While many of us, patients and clinicians alike, yearn for an escalated pace of progress in the field of CIDP, the knowledge gathered even within just the last several years is undeniable. We are all in debt to those affected by CIDP that participate in the research that helps advance the field forward. Patients interested in research participation are encouraged to talk to their doctor about programs that might be locally available. Physicians at GBS/CIDP Centers of Excellence can be particular helpful in this regard. The field is trending toward personalization of therapy, whether that be by getting more out of our currently available interventions or by discovering which patients might be candidates for different treatment options that are both effective and safe. A better understanding of the clinical and laboratory boundaries that define CIDP and how individual patients under the CIDP umbrella differ will add immensely to treatment personalization. We all eagerly await the results of actively enrolling CIDP trials and look forward to initiation of new studies, such as INCbase, identification of new novel antibodies, and clinical trials of B cell depletion therapy. Collectively these studies have the capacity to change the landscape of CIDP management in ways unknown in the not too distant past. We are making progress.
- Pubmed search of “chronic inflammatory demyelinating polyneuropathy OR CIDP” accessed on 10/5/2018.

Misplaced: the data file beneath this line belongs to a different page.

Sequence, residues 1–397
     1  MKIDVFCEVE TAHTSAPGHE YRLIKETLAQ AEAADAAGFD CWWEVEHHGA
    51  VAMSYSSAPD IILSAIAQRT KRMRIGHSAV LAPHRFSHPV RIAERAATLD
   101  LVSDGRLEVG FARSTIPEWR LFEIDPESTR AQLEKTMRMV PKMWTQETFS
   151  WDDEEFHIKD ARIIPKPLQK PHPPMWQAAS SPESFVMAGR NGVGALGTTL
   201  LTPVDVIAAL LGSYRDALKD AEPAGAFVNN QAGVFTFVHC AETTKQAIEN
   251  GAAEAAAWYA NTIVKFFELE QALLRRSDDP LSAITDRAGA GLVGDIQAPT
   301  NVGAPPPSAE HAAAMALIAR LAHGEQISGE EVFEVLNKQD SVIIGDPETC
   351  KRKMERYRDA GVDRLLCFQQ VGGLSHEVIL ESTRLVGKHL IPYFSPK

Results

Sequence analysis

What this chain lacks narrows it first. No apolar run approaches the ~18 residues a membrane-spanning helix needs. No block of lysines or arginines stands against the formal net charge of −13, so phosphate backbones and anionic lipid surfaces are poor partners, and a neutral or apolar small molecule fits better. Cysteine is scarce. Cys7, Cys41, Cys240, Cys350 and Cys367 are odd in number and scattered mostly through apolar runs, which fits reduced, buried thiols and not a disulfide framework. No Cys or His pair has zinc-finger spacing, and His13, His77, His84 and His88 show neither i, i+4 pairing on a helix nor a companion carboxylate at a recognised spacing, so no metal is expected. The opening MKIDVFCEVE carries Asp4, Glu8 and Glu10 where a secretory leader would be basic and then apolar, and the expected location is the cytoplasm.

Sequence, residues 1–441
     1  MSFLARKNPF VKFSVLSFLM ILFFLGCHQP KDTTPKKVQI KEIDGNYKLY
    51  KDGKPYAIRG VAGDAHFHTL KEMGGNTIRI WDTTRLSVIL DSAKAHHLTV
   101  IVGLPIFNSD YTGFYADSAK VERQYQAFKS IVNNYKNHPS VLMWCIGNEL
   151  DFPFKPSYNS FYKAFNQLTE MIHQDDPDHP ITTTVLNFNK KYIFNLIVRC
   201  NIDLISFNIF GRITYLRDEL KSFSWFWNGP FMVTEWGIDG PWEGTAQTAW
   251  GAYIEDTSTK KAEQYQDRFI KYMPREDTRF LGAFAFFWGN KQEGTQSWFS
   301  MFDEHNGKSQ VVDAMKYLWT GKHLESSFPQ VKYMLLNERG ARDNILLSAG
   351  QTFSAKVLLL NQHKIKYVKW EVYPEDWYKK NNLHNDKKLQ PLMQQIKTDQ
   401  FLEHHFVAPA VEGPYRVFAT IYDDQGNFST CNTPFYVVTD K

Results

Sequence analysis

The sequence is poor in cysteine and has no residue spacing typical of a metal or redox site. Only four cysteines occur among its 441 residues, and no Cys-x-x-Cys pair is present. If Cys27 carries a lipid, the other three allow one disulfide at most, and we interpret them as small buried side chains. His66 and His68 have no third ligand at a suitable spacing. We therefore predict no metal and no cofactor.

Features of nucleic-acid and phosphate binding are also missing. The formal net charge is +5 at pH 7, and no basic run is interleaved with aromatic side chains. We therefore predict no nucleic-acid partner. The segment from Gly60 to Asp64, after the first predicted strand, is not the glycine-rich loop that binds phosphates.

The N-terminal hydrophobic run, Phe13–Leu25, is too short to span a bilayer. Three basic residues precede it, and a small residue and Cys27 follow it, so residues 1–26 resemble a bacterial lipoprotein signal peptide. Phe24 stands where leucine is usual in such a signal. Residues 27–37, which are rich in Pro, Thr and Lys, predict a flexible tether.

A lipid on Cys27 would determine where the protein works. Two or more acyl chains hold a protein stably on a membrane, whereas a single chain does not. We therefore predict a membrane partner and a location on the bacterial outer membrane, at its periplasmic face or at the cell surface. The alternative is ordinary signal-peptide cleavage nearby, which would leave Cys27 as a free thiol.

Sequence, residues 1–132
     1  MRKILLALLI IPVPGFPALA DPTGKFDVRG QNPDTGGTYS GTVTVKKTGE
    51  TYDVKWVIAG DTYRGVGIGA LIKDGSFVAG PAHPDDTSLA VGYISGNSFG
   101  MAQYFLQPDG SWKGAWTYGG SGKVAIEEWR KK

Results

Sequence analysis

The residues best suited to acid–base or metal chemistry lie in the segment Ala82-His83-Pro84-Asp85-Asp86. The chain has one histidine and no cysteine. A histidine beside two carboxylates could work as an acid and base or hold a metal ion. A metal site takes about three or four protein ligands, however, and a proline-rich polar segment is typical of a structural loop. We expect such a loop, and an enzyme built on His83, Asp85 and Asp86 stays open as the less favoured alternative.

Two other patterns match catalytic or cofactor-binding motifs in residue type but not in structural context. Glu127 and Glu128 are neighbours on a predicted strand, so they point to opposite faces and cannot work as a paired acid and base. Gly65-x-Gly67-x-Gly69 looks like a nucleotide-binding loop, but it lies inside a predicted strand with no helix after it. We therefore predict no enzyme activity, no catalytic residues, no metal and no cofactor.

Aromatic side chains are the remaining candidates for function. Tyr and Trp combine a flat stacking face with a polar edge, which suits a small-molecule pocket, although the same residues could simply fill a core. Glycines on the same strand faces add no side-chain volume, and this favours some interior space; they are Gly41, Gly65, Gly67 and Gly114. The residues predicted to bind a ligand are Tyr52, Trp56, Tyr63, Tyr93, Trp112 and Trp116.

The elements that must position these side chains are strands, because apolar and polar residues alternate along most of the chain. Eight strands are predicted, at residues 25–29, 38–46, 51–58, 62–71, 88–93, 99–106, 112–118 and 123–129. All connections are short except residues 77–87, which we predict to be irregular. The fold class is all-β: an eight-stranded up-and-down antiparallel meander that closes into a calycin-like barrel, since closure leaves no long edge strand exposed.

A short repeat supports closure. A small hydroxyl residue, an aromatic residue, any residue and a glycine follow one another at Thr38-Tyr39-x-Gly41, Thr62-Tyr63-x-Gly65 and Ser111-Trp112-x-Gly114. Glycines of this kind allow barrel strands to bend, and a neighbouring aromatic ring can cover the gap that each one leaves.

David Saperstein, MD
Co-Director GBS/CIDP Center of Excellence
Phoenix Neurological Associates
Intravenous immunoglobulin (IVIg) is one of the main therapies used to treat CIDP. This therapy can be very effective but there are drawbacks. Some people experience headaches related to the intravenous infusions. Some people have difficulty with IV access. Also, the need for IV infusions lasting several hours one or more days every month can prove burdensome with respect to work or travel. In recent years there has been growing interest in infusing immunoglobulin through the skin in a process called subcutaneous administration (subcutaneous immunoglobulin, or SCIg). SCIg is commonly used in patients with immunodeficiency. SCIg is administered by patients themselves at home. Infusions are generally given in the fat under the skin in the stomach or thighs. Over the last few years there have been small studies of SCIg in patients with CIDP. It has become a popular strategy for treating CIDP in Europe and has been used in some patients in the United States. Several brands of IVIg can be given subcutaneously, but there are a couple of products made specifically for subcutaneous administration. These are 20% in concentration, in contrast to most IVIg products which are 10%. The more concentrated 20% products allow infusions to be completed in just a couple of hours one or two days each week. Unlike IVIg which is usually given in a big dose several weeks apart, SCIg must be administered every week).